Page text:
Thursday, May 12, 2016

The Hammer of Thor: Met’s Phenom Noah Syndegaard Dominates Dodgers with his Arm and His Bat

By Nicholas Stix

Mets’ righthander Noah Syndegaard just bested the Los Angeles Dodgers in a performance that people are still going to talking about over the weekend. He only needed 95 pitches to get through eight innings, in which he had all four pitches working (though he only used some of them late), and still hit 100 mph on the radar gun in the eighth inning. He only got six strikeouts, with the other outs coming via ground balls (14) and fly outs (four).

The Mets’ played excellent defense behind Syndegaard, above all newcomer shortstop Asdrubal Cabrera.

However, the big news was that the 6’6,” 242 lb. Syndegaard, a left-handed hitter, accounted for all four of the Mets’ runs with a solo shot to right center and a three-run dinger to center, both of which were bombs, and the second of which came after he failed at bunting. When he is at the plate, as long as the bunt isn’t on, Syndegaard looks like a slugger, and has a beautiful swing, the best I’ve seen in a pitcher since 6’4” Dontrelle Willis, who was also a southpaw.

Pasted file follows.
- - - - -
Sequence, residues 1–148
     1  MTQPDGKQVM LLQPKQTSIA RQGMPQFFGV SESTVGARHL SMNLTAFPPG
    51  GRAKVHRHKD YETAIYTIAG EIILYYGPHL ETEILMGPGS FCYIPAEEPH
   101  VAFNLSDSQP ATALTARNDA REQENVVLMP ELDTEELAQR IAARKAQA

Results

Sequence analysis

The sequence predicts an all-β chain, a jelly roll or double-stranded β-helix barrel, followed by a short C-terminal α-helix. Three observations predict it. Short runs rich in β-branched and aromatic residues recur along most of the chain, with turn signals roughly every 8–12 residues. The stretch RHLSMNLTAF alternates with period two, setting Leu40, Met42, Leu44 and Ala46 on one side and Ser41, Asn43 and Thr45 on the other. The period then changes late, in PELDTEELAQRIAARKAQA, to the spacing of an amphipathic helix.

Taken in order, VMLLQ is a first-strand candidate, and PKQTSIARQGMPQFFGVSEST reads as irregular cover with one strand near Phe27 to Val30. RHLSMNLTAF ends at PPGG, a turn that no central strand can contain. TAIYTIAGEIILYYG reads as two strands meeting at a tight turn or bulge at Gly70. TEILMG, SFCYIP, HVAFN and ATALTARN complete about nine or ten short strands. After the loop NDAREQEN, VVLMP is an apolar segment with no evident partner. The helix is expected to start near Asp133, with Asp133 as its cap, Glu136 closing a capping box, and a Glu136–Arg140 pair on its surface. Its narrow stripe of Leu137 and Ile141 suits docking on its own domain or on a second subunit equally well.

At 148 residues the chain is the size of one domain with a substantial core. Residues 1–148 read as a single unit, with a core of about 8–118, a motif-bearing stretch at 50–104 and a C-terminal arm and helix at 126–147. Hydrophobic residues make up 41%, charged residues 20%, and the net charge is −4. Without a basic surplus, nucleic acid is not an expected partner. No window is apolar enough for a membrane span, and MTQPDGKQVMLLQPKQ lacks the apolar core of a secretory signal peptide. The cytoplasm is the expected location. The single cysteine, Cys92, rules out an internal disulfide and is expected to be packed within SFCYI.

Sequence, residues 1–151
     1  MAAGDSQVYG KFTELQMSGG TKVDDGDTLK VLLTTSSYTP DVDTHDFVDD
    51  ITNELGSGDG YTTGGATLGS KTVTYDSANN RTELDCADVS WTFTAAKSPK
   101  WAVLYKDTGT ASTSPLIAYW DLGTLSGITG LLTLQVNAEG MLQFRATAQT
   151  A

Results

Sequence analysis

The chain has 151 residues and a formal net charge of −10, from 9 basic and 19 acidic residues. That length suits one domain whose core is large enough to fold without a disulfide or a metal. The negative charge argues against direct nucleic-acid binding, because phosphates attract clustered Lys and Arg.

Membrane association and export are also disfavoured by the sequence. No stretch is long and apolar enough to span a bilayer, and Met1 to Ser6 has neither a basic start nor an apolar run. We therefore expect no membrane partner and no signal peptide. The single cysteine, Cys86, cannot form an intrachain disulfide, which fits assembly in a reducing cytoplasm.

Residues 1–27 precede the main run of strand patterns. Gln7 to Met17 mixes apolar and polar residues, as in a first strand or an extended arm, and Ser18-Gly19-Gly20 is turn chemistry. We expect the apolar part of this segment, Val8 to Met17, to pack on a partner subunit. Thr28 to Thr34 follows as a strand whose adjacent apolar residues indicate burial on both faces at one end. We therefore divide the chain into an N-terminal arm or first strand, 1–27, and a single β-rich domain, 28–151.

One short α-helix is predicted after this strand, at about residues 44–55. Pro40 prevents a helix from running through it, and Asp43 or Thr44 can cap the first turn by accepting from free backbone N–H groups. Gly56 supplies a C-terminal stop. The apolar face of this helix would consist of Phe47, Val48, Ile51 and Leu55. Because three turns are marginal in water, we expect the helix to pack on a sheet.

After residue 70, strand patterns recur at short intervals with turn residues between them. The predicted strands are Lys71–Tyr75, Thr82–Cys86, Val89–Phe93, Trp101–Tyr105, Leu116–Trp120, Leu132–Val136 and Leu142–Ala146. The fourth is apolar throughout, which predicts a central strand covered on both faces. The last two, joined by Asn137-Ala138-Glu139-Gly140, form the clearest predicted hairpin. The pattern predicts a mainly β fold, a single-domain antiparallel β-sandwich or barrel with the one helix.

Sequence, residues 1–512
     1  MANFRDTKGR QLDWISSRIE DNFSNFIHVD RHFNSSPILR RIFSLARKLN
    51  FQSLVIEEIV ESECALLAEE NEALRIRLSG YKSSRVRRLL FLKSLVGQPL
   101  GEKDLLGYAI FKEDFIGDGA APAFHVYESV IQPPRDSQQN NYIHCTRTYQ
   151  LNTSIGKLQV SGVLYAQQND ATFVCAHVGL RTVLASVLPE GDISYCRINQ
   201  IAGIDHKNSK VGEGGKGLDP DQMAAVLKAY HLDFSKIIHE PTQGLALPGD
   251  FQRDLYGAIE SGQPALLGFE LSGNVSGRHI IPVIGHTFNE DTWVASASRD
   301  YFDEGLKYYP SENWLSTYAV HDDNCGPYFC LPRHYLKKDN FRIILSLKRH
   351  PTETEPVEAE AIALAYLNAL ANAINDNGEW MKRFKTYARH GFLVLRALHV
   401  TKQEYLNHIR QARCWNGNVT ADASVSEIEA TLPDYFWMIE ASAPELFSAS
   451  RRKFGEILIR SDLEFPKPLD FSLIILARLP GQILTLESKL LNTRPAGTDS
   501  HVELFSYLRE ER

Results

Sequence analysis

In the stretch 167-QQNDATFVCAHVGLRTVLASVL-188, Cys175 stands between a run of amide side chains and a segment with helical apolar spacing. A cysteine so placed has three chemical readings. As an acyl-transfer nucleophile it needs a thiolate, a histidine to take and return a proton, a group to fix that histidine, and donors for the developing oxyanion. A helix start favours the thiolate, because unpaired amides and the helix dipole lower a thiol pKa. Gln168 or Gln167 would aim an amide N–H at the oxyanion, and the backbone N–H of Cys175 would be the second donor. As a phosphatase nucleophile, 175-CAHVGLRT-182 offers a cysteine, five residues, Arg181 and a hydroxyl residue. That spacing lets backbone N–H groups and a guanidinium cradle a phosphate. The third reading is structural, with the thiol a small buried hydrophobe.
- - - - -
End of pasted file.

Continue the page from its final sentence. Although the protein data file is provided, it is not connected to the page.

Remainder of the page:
The 23-year-old Syndegaard now has three home runs and eight RBI in a mere 55 big league at-bats, an extraordinary ratio for a position player.

Jeurys Familia came on in the ninth for his 12th save in as many opportunities. There was a hiccup, as Familia gave up a run keyed by an Adrian Gonzalez double, but he managed to close the door, getting Dodger slugger Yasiel Puig to strike out on three pitches.

The 21-12 Mets will face the 17-17 Dodgers tomorrow. Mets righty Cy Young Award winner Bartolo Colon (2005), whose age ranges anywhere from 41 to 43 or older, whose height ranges from 5’9” to 6,’ and whose weight is anything from 270-300 lbs., yet who is a seemingly ageless phenomenon, will go up against Dodger lefty three-time Cy Young Award winner (2011, 2013, 2014) Clayton Kershaw, who is 6’4,” 225 lbs., and truly 28, and who is widely considered the best pitcher in the game.

Colon hit his first career home run in his last game, which would be a record for the oldest age at which a player hit his first dinger, if anyone knew his real age. Baseball has given Colon the record, which I’m the only observer, to my knowledge, to point out that colon gave a phony age by at least two years, at the beginning of his career.

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